Microbial source tracking of a mixed land use tributary in the Upper Ohio River Basin

Abigail O'Connor

Abstract


Wheeling Creek contributes high levels of the fecal indicator bacterium Escherichia coli (E. coli) to the Ohio river. Since Wheeling Creek is used recreationally, elevated fecal coliform levels pose potential health risks including gastrointestinal or respiratory illness to humans who have direct contact with this stream. In collaboration with the Wheeling Water Pollution Control Division, we are conducting a longitudinal study of 12 sites spanning 25 stream miles encompassing rural and urban land uses. For each site, we are collecting weekly bacteria samples from the water column and recording water chemistry data. We are analyzing seasonal trends in bacterial contamination and correlations with site parameters including rainfall, water chemistry, and land use to develop a baseline data set and identify the greatest contributors to E. coli levels in the creek.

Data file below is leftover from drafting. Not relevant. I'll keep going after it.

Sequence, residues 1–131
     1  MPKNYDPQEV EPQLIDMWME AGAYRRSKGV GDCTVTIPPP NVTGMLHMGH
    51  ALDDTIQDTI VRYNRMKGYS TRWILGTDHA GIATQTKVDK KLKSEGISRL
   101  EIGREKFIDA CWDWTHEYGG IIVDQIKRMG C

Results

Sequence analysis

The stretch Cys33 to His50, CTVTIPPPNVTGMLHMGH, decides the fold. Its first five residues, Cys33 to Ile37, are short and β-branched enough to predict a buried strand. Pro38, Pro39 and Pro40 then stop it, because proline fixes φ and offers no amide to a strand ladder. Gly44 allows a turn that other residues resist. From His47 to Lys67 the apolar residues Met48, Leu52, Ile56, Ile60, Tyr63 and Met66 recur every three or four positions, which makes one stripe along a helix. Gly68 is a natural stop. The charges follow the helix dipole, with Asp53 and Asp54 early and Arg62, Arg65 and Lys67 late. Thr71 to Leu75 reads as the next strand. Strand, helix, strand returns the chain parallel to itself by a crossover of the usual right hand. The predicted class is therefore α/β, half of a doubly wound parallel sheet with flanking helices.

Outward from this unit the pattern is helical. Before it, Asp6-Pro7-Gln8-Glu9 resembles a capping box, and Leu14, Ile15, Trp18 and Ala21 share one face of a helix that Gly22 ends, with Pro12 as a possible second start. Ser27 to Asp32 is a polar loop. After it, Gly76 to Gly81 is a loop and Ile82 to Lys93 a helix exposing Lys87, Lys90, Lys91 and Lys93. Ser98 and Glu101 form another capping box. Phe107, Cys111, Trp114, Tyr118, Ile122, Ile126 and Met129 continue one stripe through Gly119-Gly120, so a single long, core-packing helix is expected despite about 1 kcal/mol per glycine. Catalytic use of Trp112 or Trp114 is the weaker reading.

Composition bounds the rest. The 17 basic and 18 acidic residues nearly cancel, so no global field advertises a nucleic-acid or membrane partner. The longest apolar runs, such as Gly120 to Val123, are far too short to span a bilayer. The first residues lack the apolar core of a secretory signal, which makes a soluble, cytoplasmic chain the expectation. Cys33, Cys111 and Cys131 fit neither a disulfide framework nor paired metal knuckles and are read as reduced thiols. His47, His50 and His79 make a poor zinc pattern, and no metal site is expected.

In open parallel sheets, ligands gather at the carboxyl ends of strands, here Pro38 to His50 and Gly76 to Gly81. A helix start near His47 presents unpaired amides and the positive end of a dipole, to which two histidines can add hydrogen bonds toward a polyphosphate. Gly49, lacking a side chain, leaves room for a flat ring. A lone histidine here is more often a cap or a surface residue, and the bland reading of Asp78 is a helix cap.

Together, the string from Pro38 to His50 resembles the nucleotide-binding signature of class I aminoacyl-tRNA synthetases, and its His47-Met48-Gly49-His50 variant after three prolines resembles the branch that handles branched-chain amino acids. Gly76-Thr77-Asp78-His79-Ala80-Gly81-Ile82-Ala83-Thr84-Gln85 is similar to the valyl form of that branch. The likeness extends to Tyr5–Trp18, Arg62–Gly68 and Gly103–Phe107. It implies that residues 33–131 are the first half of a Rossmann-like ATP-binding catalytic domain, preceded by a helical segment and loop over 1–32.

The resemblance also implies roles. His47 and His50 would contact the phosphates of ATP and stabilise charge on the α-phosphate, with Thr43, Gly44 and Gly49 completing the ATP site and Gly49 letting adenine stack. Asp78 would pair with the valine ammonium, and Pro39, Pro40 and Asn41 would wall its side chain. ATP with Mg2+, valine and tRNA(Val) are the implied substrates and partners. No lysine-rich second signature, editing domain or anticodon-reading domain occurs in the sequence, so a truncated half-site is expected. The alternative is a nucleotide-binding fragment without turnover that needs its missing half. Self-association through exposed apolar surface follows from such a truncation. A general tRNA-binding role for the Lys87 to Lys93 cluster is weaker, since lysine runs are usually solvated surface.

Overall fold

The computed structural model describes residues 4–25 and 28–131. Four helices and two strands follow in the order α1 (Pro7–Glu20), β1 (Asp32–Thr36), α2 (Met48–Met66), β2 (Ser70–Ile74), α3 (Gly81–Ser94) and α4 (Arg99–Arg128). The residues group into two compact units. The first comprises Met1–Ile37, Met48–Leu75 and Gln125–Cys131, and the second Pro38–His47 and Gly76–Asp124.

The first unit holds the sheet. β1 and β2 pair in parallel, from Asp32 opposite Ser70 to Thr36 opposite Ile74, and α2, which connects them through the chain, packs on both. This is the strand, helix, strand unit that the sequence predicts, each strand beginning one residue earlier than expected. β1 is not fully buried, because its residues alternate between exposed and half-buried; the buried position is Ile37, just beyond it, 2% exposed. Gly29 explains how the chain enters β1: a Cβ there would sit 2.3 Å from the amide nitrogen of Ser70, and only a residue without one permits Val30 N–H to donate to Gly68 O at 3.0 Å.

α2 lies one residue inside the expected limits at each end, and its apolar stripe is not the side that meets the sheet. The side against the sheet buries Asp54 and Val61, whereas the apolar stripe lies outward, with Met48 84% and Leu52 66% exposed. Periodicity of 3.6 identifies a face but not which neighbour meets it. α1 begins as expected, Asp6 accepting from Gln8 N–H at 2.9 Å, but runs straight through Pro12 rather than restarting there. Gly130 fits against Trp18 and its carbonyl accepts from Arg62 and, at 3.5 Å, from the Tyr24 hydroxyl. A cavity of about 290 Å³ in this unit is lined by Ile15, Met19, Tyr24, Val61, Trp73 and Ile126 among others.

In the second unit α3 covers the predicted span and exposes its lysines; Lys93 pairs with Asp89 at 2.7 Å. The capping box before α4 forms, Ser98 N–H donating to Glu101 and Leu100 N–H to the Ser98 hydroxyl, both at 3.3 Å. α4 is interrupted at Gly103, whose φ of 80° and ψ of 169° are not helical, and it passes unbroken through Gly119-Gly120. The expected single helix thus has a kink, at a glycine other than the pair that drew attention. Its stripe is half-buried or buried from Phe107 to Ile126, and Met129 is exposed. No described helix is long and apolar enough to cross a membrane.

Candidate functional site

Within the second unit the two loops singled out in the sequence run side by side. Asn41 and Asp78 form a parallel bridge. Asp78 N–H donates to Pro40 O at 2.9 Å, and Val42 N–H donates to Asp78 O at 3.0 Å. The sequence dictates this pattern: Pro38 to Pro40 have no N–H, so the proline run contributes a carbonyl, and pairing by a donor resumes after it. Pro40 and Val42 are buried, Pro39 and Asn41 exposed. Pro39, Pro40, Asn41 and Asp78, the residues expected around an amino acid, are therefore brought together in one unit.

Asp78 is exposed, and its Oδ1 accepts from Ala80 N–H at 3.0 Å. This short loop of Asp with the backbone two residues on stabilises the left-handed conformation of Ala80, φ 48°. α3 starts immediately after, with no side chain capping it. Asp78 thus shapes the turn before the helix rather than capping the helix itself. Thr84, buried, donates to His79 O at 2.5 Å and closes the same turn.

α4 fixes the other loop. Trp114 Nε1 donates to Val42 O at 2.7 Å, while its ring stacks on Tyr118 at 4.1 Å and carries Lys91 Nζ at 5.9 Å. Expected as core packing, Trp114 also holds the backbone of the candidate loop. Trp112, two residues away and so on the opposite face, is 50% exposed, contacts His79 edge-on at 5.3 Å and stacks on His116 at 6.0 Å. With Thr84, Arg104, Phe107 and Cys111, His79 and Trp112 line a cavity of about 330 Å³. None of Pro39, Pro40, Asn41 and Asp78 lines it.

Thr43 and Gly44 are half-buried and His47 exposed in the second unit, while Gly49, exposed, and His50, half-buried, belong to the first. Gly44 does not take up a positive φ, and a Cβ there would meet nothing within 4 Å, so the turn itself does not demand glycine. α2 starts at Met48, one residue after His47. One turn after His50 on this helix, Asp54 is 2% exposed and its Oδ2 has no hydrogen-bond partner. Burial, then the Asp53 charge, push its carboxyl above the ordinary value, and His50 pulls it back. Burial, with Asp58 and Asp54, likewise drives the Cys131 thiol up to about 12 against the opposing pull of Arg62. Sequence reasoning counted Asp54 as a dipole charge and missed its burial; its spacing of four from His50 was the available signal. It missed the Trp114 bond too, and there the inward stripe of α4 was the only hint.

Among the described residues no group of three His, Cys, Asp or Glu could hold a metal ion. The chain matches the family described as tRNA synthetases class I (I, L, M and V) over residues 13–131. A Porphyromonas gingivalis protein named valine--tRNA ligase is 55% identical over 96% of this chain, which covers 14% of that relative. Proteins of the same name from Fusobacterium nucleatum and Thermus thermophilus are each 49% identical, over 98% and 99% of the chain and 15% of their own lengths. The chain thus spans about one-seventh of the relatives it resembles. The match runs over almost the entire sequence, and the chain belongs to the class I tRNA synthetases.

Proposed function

In addition to quantification of coliform bacteria and E. coli concentrations, we are conducting strain analysis of fecal bacteria using a genetic sequencing tool to indicate the primary source of contamination for each site. Since E. coli contamination could originate from human sewage, wildlife, or agriculture, microbial source tracking can help to indicate the health risk of bacterial contamination in Wheeling Creek and inform remediation efforts.


Keywords


Microbial source tracking; Water quality

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